A red carpet was laid out at the airport of Banjul and a brass band played. That is how Yahya Jammeh was escorted out of the Gambia on Saturday night January 21. The dictator, with an oversized ego and a childish love for cars, wanted to take one of his Rolls-Royces with him, but the new president Adama Barrow put a stop to that.
The dignified departure of Jammeh from Gambia after 22 years was made possible by international negotiators. After his pledge Friday January 20 on television that he would resign – he had his rule extended after his election defeat by a declaration of a three-month state of emergency – yet he refused to immediately leave the country. He succeeded to get a good deal with the negotiators of the UN, the African Union and the regional grouping ECOWAS. A document of the three organizations praises Jammeh for its goodwill and statesmanship.
In the village of Tujereng, forty kilometers south of the capital, five torture victims throw their hands in the air -out of disbelief- when they hear about the document. “How is it possible that he could leave this way?”, says an old man called Ibrahim Jaban. “I want to do to him what he did with me. I want to kill him.” Jaban lost an eye and broke his shoulder blade during torture.
In the agreement, the former President is addressed as ‘HE Sheikh Professor Alhaji Dr. Yahya A. J. J. Jammeh‘. The agreement of the three organizations promises to argue with the new government under Adama Barrow that Jammeh’s “lawfully acquired property will not be confiscated” and that he may return to Gambia. The new government should “respect the dignity, security, respect and rights of the former president.”
When Jammeh seized power in 1994 as a 29-year-old soldier, along with a small group of supporters in the army, there was less than a thousand dollars in his bank account. After a 22-year long rule under which hundreds of opponents “disappeared”, he is now the largest shareholder of the country’s economy. Under the name of his native village Kanilai he owns large farms, bakeries, a fashion store, gas stations, fish farms and a fleet of trucks. Farmers lost their fields without compensation when the Kanilai company wanted to start a farm. Businessmen who refused to sell their successful company to the president ended up in jail.
In the village of Tujereng long silences occur during a group discussion, punctuated by deep sighs. Chickens flapping around appear invisible. Finally, Kafu Bayo in a pink caftan begins to talk. “This is very painful for us.” Then he is silent again. Kafu Bayo is 76 years, Modou Ngum 35. Both are missing an eye, Modou Ngum flutters with the other one. “I have no network anymore,” he says. “He means that he, like me, is suffering from amnesia,” Kafu Bayo explains.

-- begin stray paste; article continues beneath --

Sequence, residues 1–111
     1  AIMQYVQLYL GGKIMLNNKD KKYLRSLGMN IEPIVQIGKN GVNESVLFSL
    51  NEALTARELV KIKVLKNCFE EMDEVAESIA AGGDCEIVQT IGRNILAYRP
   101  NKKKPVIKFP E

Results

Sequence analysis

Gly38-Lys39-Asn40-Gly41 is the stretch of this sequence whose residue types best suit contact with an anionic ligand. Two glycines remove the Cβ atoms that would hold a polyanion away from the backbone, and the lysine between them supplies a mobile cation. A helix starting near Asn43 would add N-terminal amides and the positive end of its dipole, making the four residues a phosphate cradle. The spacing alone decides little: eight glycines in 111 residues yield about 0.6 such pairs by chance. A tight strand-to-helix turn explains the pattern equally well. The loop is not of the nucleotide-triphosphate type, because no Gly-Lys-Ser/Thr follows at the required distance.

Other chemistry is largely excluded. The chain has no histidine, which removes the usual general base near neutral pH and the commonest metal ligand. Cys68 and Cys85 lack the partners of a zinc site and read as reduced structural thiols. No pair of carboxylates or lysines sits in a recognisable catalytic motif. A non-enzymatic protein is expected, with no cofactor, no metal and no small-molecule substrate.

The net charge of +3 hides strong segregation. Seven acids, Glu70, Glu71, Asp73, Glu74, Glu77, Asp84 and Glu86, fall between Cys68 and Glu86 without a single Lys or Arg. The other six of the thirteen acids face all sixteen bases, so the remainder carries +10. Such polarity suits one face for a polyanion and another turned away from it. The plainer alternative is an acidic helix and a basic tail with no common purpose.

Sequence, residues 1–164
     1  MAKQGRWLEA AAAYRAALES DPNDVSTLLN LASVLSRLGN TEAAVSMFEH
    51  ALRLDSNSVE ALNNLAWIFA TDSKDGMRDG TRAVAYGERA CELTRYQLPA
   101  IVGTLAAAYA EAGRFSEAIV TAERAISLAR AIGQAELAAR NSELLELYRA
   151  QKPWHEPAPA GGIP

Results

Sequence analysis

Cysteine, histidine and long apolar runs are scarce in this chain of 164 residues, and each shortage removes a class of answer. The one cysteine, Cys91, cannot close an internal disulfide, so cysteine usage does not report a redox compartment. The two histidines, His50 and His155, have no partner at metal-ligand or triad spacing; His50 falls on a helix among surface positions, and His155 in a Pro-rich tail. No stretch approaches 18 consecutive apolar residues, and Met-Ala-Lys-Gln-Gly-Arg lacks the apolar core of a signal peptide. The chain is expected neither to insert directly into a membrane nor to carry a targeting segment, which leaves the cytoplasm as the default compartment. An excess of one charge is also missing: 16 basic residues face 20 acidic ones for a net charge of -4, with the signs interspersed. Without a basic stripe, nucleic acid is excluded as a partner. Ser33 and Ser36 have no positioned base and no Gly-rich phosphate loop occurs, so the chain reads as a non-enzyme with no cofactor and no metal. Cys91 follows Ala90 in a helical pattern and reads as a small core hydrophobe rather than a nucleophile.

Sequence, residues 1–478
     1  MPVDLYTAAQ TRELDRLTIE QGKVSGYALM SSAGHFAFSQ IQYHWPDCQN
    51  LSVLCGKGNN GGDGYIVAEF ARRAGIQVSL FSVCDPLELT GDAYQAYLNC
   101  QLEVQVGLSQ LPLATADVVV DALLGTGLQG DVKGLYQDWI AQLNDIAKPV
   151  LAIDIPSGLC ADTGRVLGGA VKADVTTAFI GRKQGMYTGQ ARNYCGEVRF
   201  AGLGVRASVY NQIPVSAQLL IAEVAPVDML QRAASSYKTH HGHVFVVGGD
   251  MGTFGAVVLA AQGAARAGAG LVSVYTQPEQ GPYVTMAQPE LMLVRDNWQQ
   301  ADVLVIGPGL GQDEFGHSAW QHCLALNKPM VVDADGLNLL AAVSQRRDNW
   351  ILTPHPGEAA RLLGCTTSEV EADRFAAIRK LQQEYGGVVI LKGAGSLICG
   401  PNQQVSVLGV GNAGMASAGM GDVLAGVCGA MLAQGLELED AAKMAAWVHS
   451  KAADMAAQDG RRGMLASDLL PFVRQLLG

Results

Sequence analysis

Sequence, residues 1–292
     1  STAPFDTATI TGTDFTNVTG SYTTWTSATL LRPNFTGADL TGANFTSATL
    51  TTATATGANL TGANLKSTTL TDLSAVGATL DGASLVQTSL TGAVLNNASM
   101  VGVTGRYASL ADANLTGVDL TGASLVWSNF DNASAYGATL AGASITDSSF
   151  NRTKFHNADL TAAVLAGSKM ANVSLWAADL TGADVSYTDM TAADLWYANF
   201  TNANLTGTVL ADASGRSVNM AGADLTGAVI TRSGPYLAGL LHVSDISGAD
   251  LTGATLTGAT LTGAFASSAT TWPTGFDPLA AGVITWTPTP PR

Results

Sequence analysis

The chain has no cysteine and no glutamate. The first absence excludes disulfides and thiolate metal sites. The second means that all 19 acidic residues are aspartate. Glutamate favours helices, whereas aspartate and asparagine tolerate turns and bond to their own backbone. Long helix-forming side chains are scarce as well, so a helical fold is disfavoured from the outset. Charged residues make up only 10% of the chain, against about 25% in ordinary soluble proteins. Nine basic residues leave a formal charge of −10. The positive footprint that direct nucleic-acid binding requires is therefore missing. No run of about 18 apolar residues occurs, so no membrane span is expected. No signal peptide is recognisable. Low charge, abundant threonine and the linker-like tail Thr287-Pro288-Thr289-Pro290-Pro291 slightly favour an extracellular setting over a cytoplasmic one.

Kafu Bayo and Modou Ngum went to Banjul last April to demonstrate with banners like: “Gambians are starving” and “We want reform of the electoral system.” Even before they could begin their march, they were arrested by secret agents. This happened along with thirty others and with the prominent opposition leader Solo Sandeng. They were taken to the headquarters of the National Intelligence Service.
“We each got a black bag tied over our heads. They beat us. Then they tied us to a table and asked for our tribal ancestry and what political party we belong to. Then they started kicking”. Kafu Bayo shakes his head and nervously puts his Muslim headgear on and off. He shows a scar from a hot iron, all over his body are scratches. “’We will kill you, all of you’, they said. I heard Solo Sandeng screaming and crying. They say they pulled his heart out.”
The ones who survived moved out after two weeks to the notorious Mile 2 prison in Banjul. There is a special space there for political prisoners, which Jammeh recommended to his opponents as “the crocodile pool.” Every day they were mistreated there. When a security guard accidentally dropped a kind word to the prisoners, he was beaten too by his superior. “Our food they mixed with sand.”
After several weeks the case against Kafu Bayo came to court, presided over by a Nigerian because most Gambian courts had fled the country. Bayo’s daughter had already been dismissed from her job as a teacher in Tujereng because of the arrest of her father. His wife and another daughter who came to the hearing were arrested in the court and detained for several days. “It feels so bad that they got my family involved, they had nothing to do with our planned demonstration.”
Each received three years in prison, but op appeal they were freed after the December elections. Nightmares keep them awake at night. Modou Ngum had to give up his job in construction. “He has no strength,” says Kafu Bayo. “He has become a different person; his character is entirely changed. I never see him laugh anymore.” All the men say their largest trauma experience is that they did never see the agents of the secret service who tortured them; because of the black bags on their heads they will never know who has done this to them.
Jammeh operated several terror groups inside his army, of which the paramilitary group the Jungullars was the most feared. In Tujereng lives Mailik Jatto, a notorious member of the Jungullars. “In 2004 he killed the renowned Gambian journalist Devda Hydara,” says Bayo Kafu. I request everybody around to go and visit him, but my suggestion is rejected with spontaneous boos by all those present.
In Banjul Khalifa Sallah, spokesman for the coalition of parties around Barrow, admitted the existence of the controversial document “But Barrow has not signed it”, he stressed.
This article first appeared in NRC Handelsblad on 23-1-2017
Pictures by Johannes Dieterich
Picture 1: Supporter of Jammeh
Picture 2: Senegalese tank, part of Ecowas intervention force
Picture 3 Streets of Banjul were empty for several days